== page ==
Label your strips carefully. The right crown can help you stay focused.

Making Seed Tape

Store seed tape in a ziploc bag or glass jar in the fridge until ready to plant.
100 seeds for 100 days.

Have you ever tried to make a tidy row of seeds with gardening gloves on? Or with an –um– short, unskilled helper? So I’m not really that OCD to make seed tape, am I?

Anyway, if you like to keep track of what you’re planting where, and you want to encourage your kids to help you, making seed tape in advance is a great way to get started on your garden even when days are still short and cold.

Seed tape works best for small seeds that disappear in a heartbeat, like carrot, celery, kale, lettuce, etc. Larger seeds like sunflower, squash, or peas are easier to keep track of and kids have an easier time holding them, so seed tape doesn’t do much for you.

Even if you don’t have munchkins, it’s really helpful for succession planting.

Label your strips with the name of the seed, so you remember what's what.
Label your strips with the name of the seed, so you remember what’s what.

That’s the savvy gardener’s trick of planting similar quantities of something a few weeks apart, so that you have a gradual, successive harvest rather than an all-at-once-Oh-My-God-what-do-I-do-with-twenty-pounds-of-kale-in-one-week harvest.

We used this activity to accomplish something else, too. Miss H’s kindergarten class was celebrating 100 days of school by presenting collections of 100 items. We reached 100 with just six or 8 tapes, counting carrot seeds by twos. The strips had 12-16 seeds each, depending on spacing.

Miss H also labeled the strips, copying the names from the seed packets (“chives”=easy, “Lacinto Kale”=not so easy) and took all of the photos you see here, except the last one. In her Queen Maiden costume. Kids will vary widely in their ability to focus on an activity like this, so your mileage may vary.

Label your strips carefully. The right crown can help you stay focused.
Label your strips carefully. The right crown can help you stay focused.

Step-by-Step Instructions

1. Have your small helpers cut a newspaper (or other easily compostable paper, like grocery bags or something) into 1.5-2″ wide strips.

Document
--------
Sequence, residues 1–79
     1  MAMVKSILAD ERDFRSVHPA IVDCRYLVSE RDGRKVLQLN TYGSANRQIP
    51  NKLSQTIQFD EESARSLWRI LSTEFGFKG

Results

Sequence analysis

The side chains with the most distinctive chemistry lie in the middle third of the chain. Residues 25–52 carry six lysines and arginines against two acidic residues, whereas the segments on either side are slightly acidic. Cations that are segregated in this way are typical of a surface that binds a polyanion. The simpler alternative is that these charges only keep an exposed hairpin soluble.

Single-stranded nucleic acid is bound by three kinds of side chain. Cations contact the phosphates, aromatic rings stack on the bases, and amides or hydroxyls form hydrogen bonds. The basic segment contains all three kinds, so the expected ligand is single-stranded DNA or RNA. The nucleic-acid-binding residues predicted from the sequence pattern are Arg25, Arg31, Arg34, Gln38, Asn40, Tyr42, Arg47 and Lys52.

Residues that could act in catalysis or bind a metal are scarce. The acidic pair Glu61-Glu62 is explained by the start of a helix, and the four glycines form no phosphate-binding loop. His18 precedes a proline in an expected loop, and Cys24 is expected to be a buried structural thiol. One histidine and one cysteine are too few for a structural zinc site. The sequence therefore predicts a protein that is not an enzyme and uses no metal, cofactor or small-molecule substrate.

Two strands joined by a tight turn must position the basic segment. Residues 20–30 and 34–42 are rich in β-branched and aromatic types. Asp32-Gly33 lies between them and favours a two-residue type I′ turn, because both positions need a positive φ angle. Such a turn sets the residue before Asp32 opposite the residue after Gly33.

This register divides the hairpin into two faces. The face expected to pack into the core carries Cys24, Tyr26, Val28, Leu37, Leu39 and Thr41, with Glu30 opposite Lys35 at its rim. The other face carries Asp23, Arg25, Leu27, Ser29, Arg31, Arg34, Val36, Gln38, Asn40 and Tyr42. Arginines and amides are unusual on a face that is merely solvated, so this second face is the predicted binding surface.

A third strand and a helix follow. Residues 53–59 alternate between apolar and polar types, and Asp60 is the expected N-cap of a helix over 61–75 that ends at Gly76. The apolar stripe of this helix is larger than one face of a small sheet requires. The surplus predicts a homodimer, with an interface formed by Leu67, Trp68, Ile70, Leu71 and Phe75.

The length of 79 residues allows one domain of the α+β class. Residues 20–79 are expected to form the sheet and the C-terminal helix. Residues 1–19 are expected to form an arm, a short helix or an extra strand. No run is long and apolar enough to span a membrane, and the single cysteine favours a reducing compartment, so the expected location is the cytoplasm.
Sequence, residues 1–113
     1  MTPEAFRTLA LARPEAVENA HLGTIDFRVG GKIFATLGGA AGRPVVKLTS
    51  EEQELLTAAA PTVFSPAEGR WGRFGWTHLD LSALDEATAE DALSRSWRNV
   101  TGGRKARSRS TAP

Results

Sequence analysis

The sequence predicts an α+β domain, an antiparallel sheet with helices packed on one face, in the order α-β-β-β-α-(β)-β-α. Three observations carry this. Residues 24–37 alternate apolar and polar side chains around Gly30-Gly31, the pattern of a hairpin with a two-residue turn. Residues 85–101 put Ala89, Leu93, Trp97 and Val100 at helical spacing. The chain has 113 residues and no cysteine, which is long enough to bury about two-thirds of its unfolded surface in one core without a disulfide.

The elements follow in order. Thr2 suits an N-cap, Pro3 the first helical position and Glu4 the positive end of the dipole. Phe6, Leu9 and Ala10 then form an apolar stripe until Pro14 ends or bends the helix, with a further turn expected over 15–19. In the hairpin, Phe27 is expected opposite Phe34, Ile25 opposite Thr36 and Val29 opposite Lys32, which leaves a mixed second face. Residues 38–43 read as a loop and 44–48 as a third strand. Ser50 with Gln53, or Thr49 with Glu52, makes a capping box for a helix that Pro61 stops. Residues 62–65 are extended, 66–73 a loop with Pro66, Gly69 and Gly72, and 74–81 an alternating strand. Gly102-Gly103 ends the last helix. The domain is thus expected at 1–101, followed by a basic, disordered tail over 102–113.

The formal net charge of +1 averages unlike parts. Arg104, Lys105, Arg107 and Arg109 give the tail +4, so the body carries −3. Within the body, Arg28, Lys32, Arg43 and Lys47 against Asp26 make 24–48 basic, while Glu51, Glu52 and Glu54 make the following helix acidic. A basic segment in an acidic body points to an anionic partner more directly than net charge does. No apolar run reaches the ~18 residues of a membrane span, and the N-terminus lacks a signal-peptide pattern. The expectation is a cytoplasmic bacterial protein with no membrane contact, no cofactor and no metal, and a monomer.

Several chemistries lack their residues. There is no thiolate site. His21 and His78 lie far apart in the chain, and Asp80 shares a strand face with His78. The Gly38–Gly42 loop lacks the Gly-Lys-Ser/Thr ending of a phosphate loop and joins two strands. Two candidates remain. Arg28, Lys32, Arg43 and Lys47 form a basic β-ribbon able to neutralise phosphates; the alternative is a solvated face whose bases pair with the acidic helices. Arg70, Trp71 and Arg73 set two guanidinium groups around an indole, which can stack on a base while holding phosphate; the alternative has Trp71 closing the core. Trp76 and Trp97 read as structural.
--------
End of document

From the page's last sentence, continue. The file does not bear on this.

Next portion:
Use a plastic squeeze bottle for dots, or a Q-tip to spread the cornstarch goo in a line.
Use a plastic squeeze bottle for dots, or a Q-tip to spread the cornstarch goo in a line.

I accordion folded the newspaper first, which made it easier for Miss H to make straighter cuts. Happily, it really doesn’t matter if the cuts are that precise, and cutting paper to ribbons is so much fun!

2. Make a solution of 1 Tbsp Cornstarch in 1 Cup of water. Mix it well, no lumps! Then heat on the stove until just bubbling.

3. Take it off the heat and put it either in a little dish or a plastic squeeze bottle. Squeeze bottle is ideal for adults, but I didn’t have one, so I used a Q-tip. Q-tips are probably ideal for tiny hands that don’t squeeze so reliably, or if you have several assistants.

4. Read the back of the seed packet for spacing instructions, but many of these small seed plants are going to want to be 2-3″ apart before thinning. One seed packet makes a ton of tape, and not every seed will germinate, so use the spacing recommended *before* thinning. I also found it easier to pre-crease the paper down the center before I started with the cornstarch.

Use fingers or a Q-tip dipped in a little bit of cornstarch mixture to pick up a couple of seeds at a time.
Use fingers or a Q-tip dipped in a little bit of cornstarch mixture to pick up a couple of seeds at a time.

5. Lay the tape out horizontally on the wax paper in front of you. Dip your Q-tip in the cornstarch and make a gooey line down the center of the lower half of the tape, or use the squeeze bottle to make dots with the right spacing. I found it faster to make a line and approximate the spacing, but for small assistants you could make the dots for them and they could match the seeds to the dots.

6. Put 2-3 seeds per dot.

7. Fold the top half of the tape down over the bottom half, to “glue” the seeds into the center of the tape.

8. Label the tape with the type of seeds.

9. Store them in a ziploc bag or sealed glass jar in the fridge. I stuck the packets in the bags as well, so I could remember some of the later-season instructions. Since I’m going to be comparing different varieties in my garden, I will probably use the packets to label rows later as well.

Put a couple of seeds in each dot. Follow the directions on the seed packet for spacing.
Put a couple of seeds in each dot. Follow the directions on the seed packet for spacing.

10. Let your assistants plant a few tapes each week for a successive harvest all summer long!

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6 thoughts on “Making Seed Tape”

  1. What a fun idea! Super helpful. Brooke is big on ‘assisting’ Mom in the garden, too..The strawberries excited her the most :) Great post, Kelly!

  2. Ballerinas in the Berry Patch… sounds like a great children’s book, eh? I can already picture the illustrations — cant you?

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